Rapidan Camp : the Brown House, Shenandoah National Park
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Rapidan Camp : the Brown House, Shenandoah National Park by Laurel A. Racine

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Published by Northeast Museum Services Center, National Park Service in [Charlestown, MA] .
Written in English

Subjects:

Places:

  • Camp Hoover (Va.),
  • Shenandoah National Park (Va.),
  • Virginia,
  • Shenandoah National Park.

Subjects:

  • Hoover, Herbert, 1874-1964 -- Homes and haunts -- Virginia -- Madison County.,
  • House furnishings -- Virginia -- Shenandoah National Park.,
  • Historic buildings -- Virginia -- Shenandoah National Park.,
  • Camp sites, facilities, etc. -- Virginia -- Shenandoah National Park.,
  • Camp Hoover (Va.),
  • Shenandoah National Park (Va.) -- History.

Book details:

Edition Notes

Statementby Laurel A. Racine.
SeriesHistoric furnishings report
ContributionsUnited States. National Park Service. Northeast Museum Services Center.
Classifications
LC ClassificationsE802 .R33 2001
The Physical Object
Pagination2 v. in 1 (xi, 294 p.) :
Number of Pages294
ID Numbers
Open LibraryOL3597902M
LC Control Number2002320544
OCLC/WorldCa49198638

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The Boy Scouts of America leased Rapidan Camp from through The National Park Service tore down all but three of the buildings in The last president to use the camp was Jimmy Carter in the late s. Three of Rapidan Camp's original buildings still stand: "The Brown House;" "The Prime Minister," cabin where Ramsey MacDonald. Home Blog Visiting Camp Rapidan in Shenandoah National Park Visiting Camp Rapidan in Shenandoah National Park Off of Skyline Drive, deep in Shenandoah National Park, is a small cabin sometimes referred to as the Brown House. This name was used to differentiate it from the owner’s other residence at the time, The White House. The Rapidan Camp tour departs from the Byrd Visitor Center at Big Meadows (mile 51 on Skyline Drive) in Shenandoah National Park. Address: Harry F. Byrd Visitor Center Big Meadows Visitor Road Stanley, VA The Park has four entrances that access Skyline Drive: Front Royal, Thornton Gap, Swift Run Gap, and Rockfish Gap. It is not recommended to rely on your . Rapidan Camp, the summer retreat established by President and Mrs. Herbert Hoover during his administration, is located within the boundaries of Shenandoah National Park. The camp has been restored to its appearance and is an excellent reflection of not only its era, but also of President Hoover.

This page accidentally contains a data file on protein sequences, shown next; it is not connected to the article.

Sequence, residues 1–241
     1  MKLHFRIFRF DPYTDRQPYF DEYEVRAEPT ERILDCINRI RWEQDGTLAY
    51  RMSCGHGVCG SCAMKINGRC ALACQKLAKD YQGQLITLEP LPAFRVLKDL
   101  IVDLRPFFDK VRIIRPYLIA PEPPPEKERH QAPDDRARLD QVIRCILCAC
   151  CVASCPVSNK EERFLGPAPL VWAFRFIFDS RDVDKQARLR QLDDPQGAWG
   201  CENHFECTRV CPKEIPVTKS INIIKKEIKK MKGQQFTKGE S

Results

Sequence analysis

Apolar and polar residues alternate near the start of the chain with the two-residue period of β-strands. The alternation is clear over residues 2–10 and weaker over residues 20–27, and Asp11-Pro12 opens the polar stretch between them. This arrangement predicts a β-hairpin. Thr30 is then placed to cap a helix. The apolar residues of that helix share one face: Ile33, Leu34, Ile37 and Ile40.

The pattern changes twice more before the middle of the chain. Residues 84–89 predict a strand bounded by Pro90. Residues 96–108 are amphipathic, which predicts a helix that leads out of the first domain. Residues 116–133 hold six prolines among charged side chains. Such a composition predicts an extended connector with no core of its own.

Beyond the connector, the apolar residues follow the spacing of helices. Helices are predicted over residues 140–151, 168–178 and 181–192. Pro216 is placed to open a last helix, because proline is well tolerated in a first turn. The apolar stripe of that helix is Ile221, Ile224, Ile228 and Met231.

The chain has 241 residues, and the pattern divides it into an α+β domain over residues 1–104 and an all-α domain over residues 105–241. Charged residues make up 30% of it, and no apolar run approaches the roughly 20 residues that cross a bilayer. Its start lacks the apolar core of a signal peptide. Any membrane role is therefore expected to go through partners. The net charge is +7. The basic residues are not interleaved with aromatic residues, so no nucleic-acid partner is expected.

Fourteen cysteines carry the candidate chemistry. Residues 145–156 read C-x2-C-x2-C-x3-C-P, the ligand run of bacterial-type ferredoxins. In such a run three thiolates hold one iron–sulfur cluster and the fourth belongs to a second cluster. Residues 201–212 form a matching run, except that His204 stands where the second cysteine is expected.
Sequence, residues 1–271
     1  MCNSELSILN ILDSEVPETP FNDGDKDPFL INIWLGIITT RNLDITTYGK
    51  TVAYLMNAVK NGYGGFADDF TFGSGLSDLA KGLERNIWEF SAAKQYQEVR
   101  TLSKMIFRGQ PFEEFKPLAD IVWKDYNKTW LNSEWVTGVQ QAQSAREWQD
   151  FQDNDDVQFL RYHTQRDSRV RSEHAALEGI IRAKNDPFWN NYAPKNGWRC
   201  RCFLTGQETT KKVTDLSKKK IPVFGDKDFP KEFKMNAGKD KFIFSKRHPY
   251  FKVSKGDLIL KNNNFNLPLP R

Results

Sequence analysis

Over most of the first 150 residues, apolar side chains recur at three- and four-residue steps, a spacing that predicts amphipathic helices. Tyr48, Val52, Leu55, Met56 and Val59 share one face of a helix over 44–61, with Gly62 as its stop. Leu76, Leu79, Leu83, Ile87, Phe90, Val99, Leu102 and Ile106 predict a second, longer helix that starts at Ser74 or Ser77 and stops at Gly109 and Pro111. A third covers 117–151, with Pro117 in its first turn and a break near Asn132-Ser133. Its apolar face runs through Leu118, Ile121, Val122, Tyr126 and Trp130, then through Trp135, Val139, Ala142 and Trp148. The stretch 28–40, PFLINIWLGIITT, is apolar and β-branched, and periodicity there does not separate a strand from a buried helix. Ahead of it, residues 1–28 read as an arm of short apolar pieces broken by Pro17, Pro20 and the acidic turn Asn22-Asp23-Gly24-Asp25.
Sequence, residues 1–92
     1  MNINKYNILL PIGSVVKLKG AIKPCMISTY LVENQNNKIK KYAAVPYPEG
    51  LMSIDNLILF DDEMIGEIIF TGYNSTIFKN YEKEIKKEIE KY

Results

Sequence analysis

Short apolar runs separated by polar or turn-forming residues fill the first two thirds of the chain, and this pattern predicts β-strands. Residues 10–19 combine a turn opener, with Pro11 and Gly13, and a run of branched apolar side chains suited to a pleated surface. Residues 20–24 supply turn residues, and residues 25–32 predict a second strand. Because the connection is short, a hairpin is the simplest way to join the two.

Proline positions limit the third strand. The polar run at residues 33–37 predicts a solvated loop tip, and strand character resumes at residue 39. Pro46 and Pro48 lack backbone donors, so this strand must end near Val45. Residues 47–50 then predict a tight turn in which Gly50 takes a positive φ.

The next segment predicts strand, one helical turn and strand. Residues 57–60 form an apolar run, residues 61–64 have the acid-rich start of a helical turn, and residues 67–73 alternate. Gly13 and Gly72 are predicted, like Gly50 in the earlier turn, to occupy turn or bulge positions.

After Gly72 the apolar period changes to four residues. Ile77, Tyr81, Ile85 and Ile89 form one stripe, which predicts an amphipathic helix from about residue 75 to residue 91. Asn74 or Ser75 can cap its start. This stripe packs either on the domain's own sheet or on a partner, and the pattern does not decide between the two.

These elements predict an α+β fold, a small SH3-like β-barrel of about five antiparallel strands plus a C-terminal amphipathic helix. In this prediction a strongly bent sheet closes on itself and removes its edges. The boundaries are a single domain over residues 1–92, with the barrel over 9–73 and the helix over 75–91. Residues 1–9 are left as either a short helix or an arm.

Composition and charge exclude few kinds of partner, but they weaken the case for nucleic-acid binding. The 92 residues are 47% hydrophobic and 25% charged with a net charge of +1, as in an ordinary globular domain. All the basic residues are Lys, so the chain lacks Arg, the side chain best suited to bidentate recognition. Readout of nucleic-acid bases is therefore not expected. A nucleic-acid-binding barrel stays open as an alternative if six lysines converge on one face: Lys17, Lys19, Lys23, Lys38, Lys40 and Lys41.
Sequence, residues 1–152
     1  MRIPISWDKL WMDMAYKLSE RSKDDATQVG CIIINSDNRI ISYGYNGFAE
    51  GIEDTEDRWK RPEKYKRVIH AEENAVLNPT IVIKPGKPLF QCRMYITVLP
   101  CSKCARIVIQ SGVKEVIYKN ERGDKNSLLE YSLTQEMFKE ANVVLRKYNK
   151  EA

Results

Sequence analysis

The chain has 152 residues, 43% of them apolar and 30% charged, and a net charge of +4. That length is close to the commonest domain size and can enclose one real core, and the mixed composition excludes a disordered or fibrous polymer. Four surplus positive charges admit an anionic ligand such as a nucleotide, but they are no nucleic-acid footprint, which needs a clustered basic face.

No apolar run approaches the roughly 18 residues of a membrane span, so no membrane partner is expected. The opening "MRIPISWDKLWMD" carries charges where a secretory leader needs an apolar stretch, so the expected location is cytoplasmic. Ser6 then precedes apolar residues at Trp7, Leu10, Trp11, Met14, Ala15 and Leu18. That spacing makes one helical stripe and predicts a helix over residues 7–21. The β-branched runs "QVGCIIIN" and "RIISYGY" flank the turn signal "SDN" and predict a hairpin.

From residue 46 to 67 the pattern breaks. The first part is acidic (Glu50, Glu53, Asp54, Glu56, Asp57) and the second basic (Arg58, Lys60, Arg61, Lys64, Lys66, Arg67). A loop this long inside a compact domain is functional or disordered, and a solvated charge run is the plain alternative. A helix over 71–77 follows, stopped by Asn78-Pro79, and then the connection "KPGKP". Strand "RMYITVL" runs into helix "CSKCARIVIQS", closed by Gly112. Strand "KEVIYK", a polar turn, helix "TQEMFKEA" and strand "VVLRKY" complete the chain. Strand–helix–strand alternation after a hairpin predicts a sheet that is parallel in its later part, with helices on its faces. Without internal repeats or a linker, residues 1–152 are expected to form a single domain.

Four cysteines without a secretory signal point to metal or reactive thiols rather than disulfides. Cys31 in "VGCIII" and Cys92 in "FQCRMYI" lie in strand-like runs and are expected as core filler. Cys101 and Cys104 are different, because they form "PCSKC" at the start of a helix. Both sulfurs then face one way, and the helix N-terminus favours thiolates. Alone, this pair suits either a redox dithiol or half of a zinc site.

The National Park Service protects some of America's most special places including the homes and birthplaces of many of our presidents. Among them is the summer retreat of President Herbert Hoover, Rapidan Camp, in Shenandoah National Park. From tiny log cabins to palatial coastal mansions, the homes of our presidents reflect their lives and times. Rapidan Camp is located within the central district of Shenandoah National Park, a unit of the National Park System, which follows the crest of the Blue Ridge Mountains from Front Royal, VA, in the north, to Rockfish Gap in the south. Park headquarters are located at U.S. Highway East, Luray, VA. 60 yards past "The Creel" house is the presidential main quarters known as the "Brown House".The rear deck on the "Brown House" is a great place to enjoy the same view former President Hoover and world dignitaries enjoyed back in the 's. When he left office, Herbert Hoover, and his wife Lou Henry Hoover, donated the land to the government to become part of the newly created Shenandoah. Shenandoah National Park January 17 Rapidan Camp served as a rustic retreat during President Hoover’s term from to The “Brown House” in contrast to their more famous residence, the White House, has since then been restored to its original appearance.

  mile loop, feet elevation gain Difficulty: Moderate Access: Trailhead off Skyline Drive (paved road), Shenandoah National Park entrance fee required The Rapidan Camp Loop is a hike through a variety of terrain, scenery, and history. The literal high point of the hike is the forested summit of Hazeltop, the third highest peak in the park. On the first day of Hoover transferred the camp’s acreage to the Commonwealth of Virginia. Hoover visited his former retreat for the last time in , ten years before his death. Today Camp Rapidan is located within the boundaries of Shenandoah National Park.   The Brown House (as opposed to the White House) is where President Hoover stayed when he wanted to escape the heat, stress and formality of Washington, D.C. Below are photos of (left to right): The main entry to Brown House has steps that lead down to the Rapidan River; the house has a large patio overlooking the river – it was a popular place to relax in . When he left office, he turned over his beloved Rapidan Camp to Shenandoah National Park, a gift to the American People. This new edition features an additional epilogue section revealing the story of Rapidan Camp in its years as a retreat for Washington’s elite and its recent restoration.